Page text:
In the last few months I have been unable to attend the U3A screenings at the Lexi but this week I managed to see Nebraska. I usually do not comment on films after a first viewing and I thought that a second viewing would permit me to write about Kate, the old woman in the film. (June Squibb was nominated for the Oscars as best supporting actress). I went armed with pen and paper to take notes. Soon these proved to be useless as I became more and more aware of the complexity of this seemingly pared down and simple black and white film.
The audience at the Lexi focussed on the bleakness of life in the American Mid West and the wonderful acting of the main protagonists: Bruce Dem and Will Forte. What struck me was that there are mainly old people in this film. The only young people are Woody’s – the main character – two sons, two nephews and a very young boy. The second major effect on me was the consciousness of the amazing lightness of touch of the screen writer and director in dealing with ageing and the richness of details easily forgotten or dismissed.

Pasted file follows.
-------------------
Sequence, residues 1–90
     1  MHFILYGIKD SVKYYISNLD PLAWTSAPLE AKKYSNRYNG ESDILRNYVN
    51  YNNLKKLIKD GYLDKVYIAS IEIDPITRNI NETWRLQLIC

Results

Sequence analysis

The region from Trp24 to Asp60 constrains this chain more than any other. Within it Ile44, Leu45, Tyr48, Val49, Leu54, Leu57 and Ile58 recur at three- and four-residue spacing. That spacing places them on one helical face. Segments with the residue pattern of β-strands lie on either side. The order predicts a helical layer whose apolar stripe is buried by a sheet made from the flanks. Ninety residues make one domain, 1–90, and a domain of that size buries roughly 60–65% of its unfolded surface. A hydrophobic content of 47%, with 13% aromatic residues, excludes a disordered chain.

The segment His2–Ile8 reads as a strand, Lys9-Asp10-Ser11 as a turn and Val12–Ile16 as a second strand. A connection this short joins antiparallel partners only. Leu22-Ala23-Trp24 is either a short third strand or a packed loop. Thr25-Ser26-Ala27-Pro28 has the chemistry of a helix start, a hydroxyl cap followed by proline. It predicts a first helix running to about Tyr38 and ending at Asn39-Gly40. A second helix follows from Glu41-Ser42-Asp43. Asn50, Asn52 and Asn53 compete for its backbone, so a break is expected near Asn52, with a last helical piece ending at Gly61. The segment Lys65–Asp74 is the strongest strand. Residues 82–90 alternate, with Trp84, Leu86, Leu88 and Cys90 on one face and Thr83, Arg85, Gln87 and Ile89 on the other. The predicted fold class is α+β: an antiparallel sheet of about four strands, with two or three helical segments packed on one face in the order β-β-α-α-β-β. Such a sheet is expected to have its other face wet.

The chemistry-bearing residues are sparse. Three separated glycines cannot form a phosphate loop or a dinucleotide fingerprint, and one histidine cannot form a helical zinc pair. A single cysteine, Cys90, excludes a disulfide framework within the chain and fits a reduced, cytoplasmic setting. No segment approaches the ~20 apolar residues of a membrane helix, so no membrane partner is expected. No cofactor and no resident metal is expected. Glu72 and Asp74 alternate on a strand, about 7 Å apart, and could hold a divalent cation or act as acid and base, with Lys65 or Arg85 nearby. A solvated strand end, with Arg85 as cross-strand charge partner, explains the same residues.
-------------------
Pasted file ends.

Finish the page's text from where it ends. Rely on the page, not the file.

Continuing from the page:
I went home and thought that a quick look at the top critics’ thoughts would confirm my view. Out of ten top critics that I picked up on Rotten Tomatoes, only one, David Sexton of the Evening Standard (6.12.13) says that there are: ” … no young or good-looking people”. Peter Travers of Rolling Stone (15.11.13): “Payne uses small details to reach a larger truth”. The others praised the film except for Nigel Andrews in the Financial Times (5.12.13) who found it, of all things, predictable. Other reviews talk about the director, the actors and their past work, the cinematography, and June Squibb’s performance as the foul mouthed Kate.
I find it interesting that I will be unable to isolate Kate and write about the representation of the old woman. Although she is a secondary character, she is an integral part ofthis amazing film. Many aspects of ageing are present in Nebraska and I look forward to its release on DVD to study it in detail.